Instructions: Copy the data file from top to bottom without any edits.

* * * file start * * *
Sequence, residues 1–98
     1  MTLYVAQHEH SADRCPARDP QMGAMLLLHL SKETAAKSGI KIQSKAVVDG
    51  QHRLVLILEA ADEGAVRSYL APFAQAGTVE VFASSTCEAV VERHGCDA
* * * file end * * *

Sequence, residues 1–98
     1  MTLYVAQHEH SADRCPARDP QMGAMLLLHL SKETAAKSGI KIQSKAVVDG
    51  QHRLVLILEA ADEGAVRSYL APFAQAGTVE VFASSTCEAV VERHGCDA